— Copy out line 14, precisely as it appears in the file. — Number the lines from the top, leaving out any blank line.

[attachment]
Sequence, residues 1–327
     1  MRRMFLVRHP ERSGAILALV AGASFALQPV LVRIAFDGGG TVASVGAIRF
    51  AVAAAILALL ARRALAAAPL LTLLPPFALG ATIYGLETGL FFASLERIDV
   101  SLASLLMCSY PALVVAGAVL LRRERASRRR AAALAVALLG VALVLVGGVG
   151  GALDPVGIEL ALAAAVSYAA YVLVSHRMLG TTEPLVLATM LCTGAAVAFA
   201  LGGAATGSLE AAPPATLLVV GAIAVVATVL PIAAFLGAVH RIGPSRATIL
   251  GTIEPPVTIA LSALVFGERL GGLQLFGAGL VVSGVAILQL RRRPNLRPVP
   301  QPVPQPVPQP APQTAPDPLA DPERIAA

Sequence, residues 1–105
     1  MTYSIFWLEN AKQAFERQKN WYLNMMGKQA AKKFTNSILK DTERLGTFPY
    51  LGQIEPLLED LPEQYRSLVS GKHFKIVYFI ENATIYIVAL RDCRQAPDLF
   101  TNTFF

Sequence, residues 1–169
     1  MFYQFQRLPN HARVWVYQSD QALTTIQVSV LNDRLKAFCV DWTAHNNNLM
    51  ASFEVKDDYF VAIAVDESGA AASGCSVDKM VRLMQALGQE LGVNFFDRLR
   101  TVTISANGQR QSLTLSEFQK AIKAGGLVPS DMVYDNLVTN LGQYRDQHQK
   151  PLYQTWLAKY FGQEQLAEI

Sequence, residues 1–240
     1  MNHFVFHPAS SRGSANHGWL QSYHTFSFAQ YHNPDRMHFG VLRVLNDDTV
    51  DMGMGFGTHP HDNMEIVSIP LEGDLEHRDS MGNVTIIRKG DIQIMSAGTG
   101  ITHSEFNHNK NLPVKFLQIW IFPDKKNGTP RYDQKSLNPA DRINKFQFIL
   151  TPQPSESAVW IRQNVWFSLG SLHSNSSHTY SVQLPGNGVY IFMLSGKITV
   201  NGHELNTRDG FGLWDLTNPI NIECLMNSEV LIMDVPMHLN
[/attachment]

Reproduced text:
     1  MFYQFQRLPN HARVWVYQSD QALTTIQVSV LNDRLKAFCV DWTAHNNNLM